Painting From Life vs. From Photos
Detail from funeral pyre scene on an Attic Geometric krater, second half of 8th century BC
Man being eaten by a crocodile, first half of 21st century AD
The ceramic painting above I borrowed from Victor Bryant’s excellent ceramics website. The drawing on paper is by Fran, who is almost five years old.
The images are similar in that they both depict narrative scenes, and both make use of simple geometric shapes. The vase painting probably represents top quality artwork of its era, making use of a consistent representational system which covers this large vase and many others (presumably painted by many different adults working over many years). The children’s drawing is a one-of-a-kind sketch.
At first glance, the vase painting seems like children’s art made by adults. A key factor that distinguishes the adult work is the consistent repetition of patterns — across the detail, across the vase and across the historical period. There is a discipline here that is alien to the work of a child drawing as play. This use of repetition has substantial advantages. It imparts rhythm and complexity to the work that is lacking in Fran’s image. Repetition creates a decorative effect that masks to some degree the simplicity of the representation. For the sake of comparison, we can apply repetition to Fran’s image:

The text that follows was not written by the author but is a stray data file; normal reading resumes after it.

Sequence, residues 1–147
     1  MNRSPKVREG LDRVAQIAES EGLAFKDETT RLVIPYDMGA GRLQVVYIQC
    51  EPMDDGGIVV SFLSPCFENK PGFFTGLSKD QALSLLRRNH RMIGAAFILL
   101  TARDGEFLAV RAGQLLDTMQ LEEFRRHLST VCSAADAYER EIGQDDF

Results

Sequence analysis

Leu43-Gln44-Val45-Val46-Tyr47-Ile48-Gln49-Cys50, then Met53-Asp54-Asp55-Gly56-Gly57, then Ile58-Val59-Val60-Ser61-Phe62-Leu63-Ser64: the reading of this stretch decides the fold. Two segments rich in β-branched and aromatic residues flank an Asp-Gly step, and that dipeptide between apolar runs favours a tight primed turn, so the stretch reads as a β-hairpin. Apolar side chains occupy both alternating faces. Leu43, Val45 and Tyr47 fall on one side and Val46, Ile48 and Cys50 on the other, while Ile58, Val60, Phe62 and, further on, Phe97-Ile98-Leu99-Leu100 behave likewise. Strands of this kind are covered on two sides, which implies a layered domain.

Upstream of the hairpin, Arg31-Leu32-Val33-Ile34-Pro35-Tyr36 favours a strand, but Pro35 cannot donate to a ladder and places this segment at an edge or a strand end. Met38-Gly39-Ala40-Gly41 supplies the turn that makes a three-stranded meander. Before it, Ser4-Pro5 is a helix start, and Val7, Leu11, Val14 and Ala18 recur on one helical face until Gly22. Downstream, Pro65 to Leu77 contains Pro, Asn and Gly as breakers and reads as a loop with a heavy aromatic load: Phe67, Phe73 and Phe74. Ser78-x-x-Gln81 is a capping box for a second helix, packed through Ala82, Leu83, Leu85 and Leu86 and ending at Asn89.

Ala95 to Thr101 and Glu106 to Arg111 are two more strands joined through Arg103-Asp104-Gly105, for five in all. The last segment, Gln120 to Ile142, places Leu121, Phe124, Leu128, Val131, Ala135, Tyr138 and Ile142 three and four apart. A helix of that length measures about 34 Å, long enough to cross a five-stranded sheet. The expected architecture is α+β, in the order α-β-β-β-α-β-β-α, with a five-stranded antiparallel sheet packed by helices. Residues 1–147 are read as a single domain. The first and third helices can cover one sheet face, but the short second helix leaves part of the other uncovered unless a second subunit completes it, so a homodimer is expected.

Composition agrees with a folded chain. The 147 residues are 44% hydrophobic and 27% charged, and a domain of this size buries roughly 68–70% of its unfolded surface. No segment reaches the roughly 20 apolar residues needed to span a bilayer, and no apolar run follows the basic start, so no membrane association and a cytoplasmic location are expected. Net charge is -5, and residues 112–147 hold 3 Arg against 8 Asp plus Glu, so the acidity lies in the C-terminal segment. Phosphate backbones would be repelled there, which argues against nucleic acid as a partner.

We can also isolate a figure from the vase painting. With these simple digital manipulation we have not transformed Fran into an Attic geometric vase painter, or turned the vase painter into a child. We have, I think, narrowed the gap.
What I think is interesting here is that what presumably passed for fine work in the 8th century BC probably could be made by children, if they were compelled to work within a disciplined productive system (as the adults were).
Discipline and rigid compliance to style are factors that are quite contrary to our modern notions of art, however. Is the ancient vase painting art, or is it nothing more than systematized children’s decoration?